It is asserted that 80 per cent of babies are born perfect, meaning normal. Of these little more than half reach maturity. Of those who reach maturity, 80 per cent are below normal at the time when they should be at their best. This in a country that boasts of its wealth and plenty; a country where there is a super- abundance of food and a good climate.

In 1924 it was estimated that there were, in this country, 20,000,000 children of school age. Of these, 14,000,000 suffered with some serious physical defect; 10,000,000 had tuberculosis, 1O,OOO,OOO had serious tooth troubles, 2,000,000 suffered from some (recognized) grave form of malnutrition, 1,000,000 showed the first signs of nervous disorders, while all of them suffered with frequent colds and other disorders. None of them possessed perfect health

Two years later, Dr. Herman J. Norton, Health director of Rochester, N. Y., stated that 75 per cent of the children of the United States have physical defects. Quoting a survey of 22,000,000 children that had been but recently made he said I5,000,000 had bad teeth, 2,000,000 to 4,000,000 had fallen arches, defective spines or joints, 3,000,000 to 5,000,000 were suffering from malnutrition, 5,000,000 had poor sight, 1,000,000 suffered from deafness, 1,000,000 had or did have tuberculosis, 250,000 had heart trouble, and 200,000 were mentally defective.

Year by year, so far as the figures show, the health of the American child declines. While the figures show a certain percentage to be suffering from malnutrition, the truth is that there is a greater or lesser degree of malnutrition in all these conditions of physical and mental impairment. Think of the absurdity of saying 15,000,000 children had bad teeth while only 3,000,000 to 5,000,000 suffered from malnutrition. The greatest single cause of bad teeth is malnutrition. Defective spines and joints are more often than otherwise results of malnutrition.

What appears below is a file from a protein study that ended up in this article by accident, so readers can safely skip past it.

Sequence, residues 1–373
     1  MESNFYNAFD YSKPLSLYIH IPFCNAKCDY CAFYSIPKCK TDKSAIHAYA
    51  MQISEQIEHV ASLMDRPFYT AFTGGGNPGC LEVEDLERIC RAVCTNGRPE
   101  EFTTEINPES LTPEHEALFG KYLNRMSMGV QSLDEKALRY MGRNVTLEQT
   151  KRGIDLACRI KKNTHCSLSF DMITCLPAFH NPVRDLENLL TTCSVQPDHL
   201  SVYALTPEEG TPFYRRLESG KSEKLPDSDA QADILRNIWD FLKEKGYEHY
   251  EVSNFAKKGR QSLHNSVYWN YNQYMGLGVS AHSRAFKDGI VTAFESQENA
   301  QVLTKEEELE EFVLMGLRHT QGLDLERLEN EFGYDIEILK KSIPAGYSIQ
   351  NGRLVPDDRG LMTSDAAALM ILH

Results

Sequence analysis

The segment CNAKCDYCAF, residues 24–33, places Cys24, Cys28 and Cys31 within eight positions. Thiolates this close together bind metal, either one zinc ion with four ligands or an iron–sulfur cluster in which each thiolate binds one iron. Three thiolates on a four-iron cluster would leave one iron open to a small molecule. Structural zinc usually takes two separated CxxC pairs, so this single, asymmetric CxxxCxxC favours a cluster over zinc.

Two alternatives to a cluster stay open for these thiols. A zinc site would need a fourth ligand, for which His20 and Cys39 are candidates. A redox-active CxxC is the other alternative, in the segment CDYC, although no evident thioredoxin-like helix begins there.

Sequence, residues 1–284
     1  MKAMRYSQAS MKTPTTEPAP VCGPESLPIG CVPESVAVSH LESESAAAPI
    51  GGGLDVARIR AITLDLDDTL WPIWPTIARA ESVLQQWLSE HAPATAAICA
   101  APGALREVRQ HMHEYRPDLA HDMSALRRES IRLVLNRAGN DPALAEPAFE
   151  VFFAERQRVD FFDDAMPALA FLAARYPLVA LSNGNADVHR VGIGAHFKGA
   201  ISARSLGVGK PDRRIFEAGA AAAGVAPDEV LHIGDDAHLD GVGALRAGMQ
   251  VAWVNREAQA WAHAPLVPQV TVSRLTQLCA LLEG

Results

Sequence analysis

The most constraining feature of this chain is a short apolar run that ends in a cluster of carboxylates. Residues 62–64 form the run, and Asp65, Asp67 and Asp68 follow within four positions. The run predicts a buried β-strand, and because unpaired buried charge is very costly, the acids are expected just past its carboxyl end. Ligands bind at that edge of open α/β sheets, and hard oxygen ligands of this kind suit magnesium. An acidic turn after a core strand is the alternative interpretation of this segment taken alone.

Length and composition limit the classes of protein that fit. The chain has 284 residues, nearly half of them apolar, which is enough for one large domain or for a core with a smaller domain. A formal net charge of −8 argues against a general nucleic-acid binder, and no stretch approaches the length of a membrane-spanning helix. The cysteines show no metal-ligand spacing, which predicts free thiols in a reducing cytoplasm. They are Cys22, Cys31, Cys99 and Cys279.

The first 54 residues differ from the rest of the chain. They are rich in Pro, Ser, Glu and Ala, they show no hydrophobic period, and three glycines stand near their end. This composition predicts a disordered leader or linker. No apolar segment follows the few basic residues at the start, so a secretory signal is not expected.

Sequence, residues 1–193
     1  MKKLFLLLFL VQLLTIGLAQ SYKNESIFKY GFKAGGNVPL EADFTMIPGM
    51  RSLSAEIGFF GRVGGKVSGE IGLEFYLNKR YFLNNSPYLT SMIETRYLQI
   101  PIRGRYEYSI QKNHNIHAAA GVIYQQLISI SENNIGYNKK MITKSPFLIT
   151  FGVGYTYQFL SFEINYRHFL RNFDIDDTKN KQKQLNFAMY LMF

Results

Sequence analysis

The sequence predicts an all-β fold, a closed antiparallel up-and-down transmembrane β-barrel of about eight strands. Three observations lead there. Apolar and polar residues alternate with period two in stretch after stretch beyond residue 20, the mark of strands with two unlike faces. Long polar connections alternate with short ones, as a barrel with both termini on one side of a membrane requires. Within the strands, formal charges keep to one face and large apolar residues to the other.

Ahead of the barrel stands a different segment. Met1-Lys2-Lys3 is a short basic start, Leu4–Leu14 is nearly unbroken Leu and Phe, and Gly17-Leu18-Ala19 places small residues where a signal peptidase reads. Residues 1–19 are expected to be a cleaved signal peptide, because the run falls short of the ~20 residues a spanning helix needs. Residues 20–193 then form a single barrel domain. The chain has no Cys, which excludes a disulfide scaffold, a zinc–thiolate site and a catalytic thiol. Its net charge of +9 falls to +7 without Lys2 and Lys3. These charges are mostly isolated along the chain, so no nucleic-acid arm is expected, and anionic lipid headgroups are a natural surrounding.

But we have not gone to the root of this matter in recognizing glaring defects as due to malnutrition. Any nutritional deficiency which will ultimately result in disease, will produce much damage to the tissues and to the general health, growth and vitality, long before the deficiency becomes great enough to be definitely diagnosed by the physician. We must learn to recognize that there is a long period of failing health which precedes, and prepares the way for the first appearance of physical signs--symptoms. It is not merely enough to save the teeth or preserve the normal posture of the spine, but we must build and preserve such a high degree of positive health that no so-called disease is possible.

I desire to emphasize that these and many other defects and diseases with which infants and children suffer are the early stages of the process of deterioration which culminates in cancer, Bright's disease, diabetes, insanity and nervous diseases, diseases of the heart and arteries, etc., later in life. In infancy and childhood the deterioration begins. It is then that the foundations for the disorders of later years are laid.

How important, then, that babies and children receive proper care! How great the responsibilities of parents, nurses, educators, physicians and all others who deal with children!